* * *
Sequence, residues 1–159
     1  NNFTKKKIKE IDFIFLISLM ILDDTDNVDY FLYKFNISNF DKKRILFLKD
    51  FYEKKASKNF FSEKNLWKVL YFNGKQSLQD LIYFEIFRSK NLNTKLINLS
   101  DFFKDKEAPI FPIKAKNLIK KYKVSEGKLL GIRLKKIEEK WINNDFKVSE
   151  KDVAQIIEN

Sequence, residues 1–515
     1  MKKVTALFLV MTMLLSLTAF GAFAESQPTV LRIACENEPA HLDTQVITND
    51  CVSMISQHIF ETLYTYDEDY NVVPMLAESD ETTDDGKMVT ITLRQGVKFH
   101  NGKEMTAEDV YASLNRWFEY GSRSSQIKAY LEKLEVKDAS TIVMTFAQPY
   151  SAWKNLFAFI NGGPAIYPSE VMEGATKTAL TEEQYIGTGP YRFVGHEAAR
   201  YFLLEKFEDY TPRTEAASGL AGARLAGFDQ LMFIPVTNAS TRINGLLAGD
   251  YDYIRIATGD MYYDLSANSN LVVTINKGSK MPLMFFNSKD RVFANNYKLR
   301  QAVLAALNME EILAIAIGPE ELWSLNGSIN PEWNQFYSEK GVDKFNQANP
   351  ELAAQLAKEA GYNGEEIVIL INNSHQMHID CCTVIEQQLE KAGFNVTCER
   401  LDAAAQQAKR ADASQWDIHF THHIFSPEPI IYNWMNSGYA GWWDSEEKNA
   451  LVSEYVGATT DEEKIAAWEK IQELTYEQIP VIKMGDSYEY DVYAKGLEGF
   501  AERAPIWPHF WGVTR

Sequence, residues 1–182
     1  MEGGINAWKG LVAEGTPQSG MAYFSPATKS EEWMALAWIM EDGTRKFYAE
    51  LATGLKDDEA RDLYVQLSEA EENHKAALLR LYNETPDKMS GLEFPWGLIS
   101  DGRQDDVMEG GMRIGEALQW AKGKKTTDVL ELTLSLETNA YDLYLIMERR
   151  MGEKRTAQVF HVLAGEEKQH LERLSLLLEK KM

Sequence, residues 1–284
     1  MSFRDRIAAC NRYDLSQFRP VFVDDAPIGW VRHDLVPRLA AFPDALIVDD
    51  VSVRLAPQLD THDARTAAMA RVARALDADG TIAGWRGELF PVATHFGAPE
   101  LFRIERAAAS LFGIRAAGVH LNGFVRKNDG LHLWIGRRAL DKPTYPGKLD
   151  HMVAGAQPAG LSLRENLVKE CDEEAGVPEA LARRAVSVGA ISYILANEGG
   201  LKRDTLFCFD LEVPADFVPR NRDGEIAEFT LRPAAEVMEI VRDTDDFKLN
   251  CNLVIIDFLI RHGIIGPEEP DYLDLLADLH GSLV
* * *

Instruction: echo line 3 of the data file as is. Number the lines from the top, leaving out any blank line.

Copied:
    51  FYEKKASKNF FSEKNLWKVL YFNGKQSLQD LIYFEIFRSK NLNTKLINLS